Joseph Stalin, well-read empath

I am a psychologist, and I agree with you. Empathy and theory of mind are two different things. Stalin seemed to have a very well developed theory of mind, but very low empathy.

Also, I’ve seen little compelling evidence that reading makes you more empathetic. Capacity for empathy appears to have a genetic component, but is largely dependent on shared physiological experiences that affect your autonomic nervous system.


The internet is full of bad people who call themselves empathic; it’s such a cliche that the word has become a warning. Discussion of them tends to conclude that they aren’t empathic at all, it’s just a mask, perhaps a sublimation of their failure to connect meaningfully to other people. But I always suspected that it reflects something genuine that might fairly described as empathy, but is really more like an acute theory of mind, weaponized.

For example, when Stalin praises Trotsky, he’s not empathizing with Trotsky. He’s “empathizing” with his own cronies and making sure they understand that now he’s gone, they have a martyr to deal with.

What interested me about this article is (given the venue’s reactionary mentality) how it uses Stalin’s library as an attempt to attack empathy in its generally understood form, but fails. Inadvertantly, however, it instead chances upon the “empathy” of the toxic social media influencer. Then attaches it to fucking Stalin.


Just, FYI, here is another “think piece” from the same outlet…

Yet another outlet committed to “bothsiderism” and pretending like the right wing never gets a fair hearing in the “mainstream media”, seems like to me… another quillett or that “university” that some people tried to create down in texas not so long ago.

Part of the problem seems to me that he leaves empathy largely undefined for the reader. It’s clear he believes that most people view it as meaning having a connection to others so that you can understand their struggles, but he doesn’t really give his own take on it.

Strikes me that he’s attempting to go after the left wing and tie Stalin’s crimes to socialist politics more generally, which seeks to put human beings ahead of profits…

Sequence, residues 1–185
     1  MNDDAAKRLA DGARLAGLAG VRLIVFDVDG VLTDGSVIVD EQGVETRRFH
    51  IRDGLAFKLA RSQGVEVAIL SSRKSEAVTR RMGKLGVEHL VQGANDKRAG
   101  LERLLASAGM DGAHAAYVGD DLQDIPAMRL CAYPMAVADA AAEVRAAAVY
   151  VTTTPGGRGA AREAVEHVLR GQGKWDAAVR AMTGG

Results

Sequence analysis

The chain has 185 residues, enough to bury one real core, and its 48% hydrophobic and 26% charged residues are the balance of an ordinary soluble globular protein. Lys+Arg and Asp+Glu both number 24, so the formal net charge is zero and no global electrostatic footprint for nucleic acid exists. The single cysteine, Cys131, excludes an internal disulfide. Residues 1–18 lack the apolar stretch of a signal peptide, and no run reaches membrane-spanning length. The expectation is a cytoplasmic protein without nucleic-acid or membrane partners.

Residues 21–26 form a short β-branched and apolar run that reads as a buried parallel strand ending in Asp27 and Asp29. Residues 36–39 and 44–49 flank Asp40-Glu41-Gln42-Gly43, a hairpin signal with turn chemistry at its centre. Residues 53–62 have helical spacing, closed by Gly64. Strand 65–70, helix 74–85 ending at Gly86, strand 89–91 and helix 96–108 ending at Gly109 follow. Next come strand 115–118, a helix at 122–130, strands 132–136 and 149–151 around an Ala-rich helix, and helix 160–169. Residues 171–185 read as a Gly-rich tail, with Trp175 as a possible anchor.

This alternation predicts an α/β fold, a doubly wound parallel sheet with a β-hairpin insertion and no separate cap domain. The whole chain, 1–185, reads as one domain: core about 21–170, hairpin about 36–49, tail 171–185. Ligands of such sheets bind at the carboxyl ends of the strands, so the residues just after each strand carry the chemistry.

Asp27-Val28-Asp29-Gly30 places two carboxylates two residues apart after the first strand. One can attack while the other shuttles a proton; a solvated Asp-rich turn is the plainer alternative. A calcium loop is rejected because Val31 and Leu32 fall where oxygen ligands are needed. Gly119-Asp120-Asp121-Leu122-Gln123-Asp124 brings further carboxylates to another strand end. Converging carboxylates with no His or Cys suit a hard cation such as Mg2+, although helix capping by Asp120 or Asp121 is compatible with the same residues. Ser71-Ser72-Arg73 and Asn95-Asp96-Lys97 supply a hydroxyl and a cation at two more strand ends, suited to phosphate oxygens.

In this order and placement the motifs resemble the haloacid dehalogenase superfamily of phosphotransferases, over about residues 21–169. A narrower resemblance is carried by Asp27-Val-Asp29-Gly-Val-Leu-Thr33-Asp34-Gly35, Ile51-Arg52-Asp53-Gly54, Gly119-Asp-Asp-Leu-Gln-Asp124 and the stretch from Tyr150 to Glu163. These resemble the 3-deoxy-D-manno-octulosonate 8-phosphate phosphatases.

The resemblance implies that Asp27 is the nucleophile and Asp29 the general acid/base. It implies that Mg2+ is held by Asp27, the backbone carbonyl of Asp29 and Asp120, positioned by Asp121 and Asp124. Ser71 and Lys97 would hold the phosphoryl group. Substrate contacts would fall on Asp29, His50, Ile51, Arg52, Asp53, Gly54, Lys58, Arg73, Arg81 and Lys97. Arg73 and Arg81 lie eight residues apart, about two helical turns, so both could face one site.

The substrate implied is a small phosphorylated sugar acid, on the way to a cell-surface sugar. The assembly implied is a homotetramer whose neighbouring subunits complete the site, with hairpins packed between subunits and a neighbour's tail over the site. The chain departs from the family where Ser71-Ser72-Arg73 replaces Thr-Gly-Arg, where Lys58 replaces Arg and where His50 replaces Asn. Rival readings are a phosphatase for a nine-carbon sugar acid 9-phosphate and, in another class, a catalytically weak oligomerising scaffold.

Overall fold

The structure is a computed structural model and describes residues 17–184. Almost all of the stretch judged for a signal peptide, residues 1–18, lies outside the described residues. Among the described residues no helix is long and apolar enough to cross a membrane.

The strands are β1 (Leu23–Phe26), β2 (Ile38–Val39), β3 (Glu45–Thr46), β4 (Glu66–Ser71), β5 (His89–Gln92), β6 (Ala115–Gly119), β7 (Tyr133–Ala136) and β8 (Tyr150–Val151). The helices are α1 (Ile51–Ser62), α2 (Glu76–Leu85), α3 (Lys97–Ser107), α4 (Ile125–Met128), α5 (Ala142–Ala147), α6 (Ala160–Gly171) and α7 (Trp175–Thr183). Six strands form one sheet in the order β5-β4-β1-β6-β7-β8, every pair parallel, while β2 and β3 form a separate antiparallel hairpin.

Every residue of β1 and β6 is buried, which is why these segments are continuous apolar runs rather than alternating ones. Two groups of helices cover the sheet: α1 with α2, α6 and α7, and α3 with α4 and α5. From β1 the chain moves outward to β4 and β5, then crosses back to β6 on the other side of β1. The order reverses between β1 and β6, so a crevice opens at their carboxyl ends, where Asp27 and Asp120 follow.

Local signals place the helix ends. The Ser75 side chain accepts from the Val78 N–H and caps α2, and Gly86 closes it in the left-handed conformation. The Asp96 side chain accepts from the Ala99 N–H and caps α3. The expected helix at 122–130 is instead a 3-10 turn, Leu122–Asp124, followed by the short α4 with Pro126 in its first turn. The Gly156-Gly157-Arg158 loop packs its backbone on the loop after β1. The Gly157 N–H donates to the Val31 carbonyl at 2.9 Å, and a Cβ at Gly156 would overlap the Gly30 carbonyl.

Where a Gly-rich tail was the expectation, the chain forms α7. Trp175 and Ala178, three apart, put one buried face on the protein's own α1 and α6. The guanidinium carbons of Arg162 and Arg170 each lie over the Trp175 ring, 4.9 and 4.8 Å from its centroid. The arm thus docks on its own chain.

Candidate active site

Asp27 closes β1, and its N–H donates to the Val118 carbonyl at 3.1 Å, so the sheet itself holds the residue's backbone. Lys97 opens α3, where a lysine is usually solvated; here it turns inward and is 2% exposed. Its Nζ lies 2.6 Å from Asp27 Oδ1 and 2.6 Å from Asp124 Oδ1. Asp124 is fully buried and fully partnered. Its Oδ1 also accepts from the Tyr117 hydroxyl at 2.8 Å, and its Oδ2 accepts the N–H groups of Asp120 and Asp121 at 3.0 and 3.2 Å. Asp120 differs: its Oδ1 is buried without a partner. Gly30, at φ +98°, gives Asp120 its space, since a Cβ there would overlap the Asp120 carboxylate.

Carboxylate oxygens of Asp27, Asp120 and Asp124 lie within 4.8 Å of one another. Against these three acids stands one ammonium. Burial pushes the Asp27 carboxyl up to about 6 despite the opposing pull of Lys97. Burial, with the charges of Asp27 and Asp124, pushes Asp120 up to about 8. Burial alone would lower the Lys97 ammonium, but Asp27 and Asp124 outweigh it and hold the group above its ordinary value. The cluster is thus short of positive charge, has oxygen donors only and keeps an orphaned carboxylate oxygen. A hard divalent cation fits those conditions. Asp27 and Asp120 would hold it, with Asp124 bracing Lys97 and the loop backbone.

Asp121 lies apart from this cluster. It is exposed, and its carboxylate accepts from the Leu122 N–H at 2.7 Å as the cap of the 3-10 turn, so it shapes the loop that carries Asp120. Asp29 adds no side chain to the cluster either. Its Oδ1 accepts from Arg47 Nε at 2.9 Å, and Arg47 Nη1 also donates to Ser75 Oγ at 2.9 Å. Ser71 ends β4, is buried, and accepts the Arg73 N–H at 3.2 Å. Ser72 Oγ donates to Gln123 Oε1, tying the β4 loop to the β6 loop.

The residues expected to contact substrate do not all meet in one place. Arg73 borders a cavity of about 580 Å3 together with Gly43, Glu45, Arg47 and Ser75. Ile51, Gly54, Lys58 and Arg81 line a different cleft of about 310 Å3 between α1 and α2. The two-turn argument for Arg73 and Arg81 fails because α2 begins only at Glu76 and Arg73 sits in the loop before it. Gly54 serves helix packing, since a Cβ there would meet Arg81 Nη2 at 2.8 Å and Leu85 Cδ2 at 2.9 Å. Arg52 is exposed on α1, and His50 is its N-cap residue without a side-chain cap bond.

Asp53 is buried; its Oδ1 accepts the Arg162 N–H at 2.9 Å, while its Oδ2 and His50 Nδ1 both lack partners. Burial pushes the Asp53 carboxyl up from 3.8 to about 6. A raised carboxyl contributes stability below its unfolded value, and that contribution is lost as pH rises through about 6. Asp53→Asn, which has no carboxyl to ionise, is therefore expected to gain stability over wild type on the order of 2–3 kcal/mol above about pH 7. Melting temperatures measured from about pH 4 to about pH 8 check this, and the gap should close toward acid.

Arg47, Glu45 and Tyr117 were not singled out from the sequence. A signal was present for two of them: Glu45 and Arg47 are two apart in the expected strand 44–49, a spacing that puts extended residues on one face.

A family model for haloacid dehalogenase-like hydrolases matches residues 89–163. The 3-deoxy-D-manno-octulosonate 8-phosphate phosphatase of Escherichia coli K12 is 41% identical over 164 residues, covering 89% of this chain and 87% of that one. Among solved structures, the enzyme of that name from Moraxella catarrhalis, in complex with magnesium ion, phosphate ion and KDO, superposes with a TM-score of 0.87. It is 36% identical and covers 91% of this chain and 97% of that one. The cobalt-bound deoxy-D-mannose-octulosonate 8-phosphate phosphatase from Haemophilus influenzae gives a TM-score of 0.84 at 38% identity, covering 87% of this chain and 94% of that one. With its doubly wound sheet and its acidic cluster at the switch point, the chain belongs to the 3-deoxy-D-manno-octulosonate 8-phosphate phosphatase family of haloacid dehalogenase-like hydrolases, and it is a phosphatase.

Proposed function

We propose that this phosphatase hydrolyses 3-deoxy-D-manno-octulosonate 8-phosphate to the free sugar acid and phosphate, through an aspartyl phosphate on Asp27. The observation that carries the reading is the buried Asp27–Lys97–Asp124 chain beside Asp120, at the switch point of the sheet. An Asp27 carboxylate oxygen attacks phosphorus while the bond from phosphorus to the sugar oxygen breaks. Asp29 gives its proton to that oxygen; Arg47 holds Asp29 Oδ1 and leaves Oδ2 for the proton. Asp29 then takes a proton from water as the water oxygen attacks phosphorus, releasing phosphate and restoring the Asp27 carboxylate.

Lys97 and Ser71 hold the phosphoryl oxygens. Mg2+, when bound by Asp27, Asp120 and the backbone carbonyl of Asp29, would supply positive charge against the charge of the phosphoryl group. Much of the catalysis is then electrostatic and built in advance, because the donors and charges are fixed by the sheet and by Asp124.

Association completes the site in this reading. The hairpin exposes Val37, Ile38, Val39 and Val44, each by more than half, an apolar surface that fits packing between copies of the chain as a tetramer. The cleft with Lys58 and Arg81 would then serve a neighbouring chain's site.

Kristen Wiig Yep GIF by Where’d You Go Bernadette

Oh god, another one from that site…

Western occultism came hand-in-hand with the founding principle of the modern age: Man’s domination over nature.

How do you say you’ve never met a neo-pagan without saying you’ve never met a neo-pagan…

Despite the deeply entangled roots of the Enlightenment and occult spirituality, the latter’s appeal is reliant on its performative claim to be an insurgency allegedly directed against the ruling forces of our society. Hence its attraction to young people as an alternative to “organised religion”, the Protestant work ethic, or whatever thin residues of traditional thought remain in the public sphere.

But this relies on an outdated view: that there is such a thing as religious (and specifically Christian) hegemony.

WitchTok, being effectively stuck in the 17th Century, forgets that the status quo has shifted: it is now secularism that dominates in the Western world.

Girl Reaction GIF by MOODMAN


The amazon provided excerpt says

This book’s first chapter, ‘Bloody Tyrant and Bookworm’, provides an overview of Stalin, the Bolshevik intellectual who revered written texts. Like all the Bolshevik leaders, he believed that reading could help transform not just people’s ideas and consciousness but human nature itself. ‘It is impossible to know somebody “inside out”,’ wrote Stalin to the poet Demyan Bedny in 1924, 4 but through his library we can get to know him from the outside in. In viewing the world through Stalin’s eyes we can picture his personality as well as his most intimate thoughts. Stalin was no psychopath but an emotionally intelligent and feeling intellectual. Indeed, it was the power of his emotional attachment to deeply held beliefs that enabled him to sustain decades of brutal rule.

Roberts, Geoffrey (2106-02-07T01:28:15.000). Stalin’s Library (Kindle Locations 119-125). Yale University Press. Kindle Edition.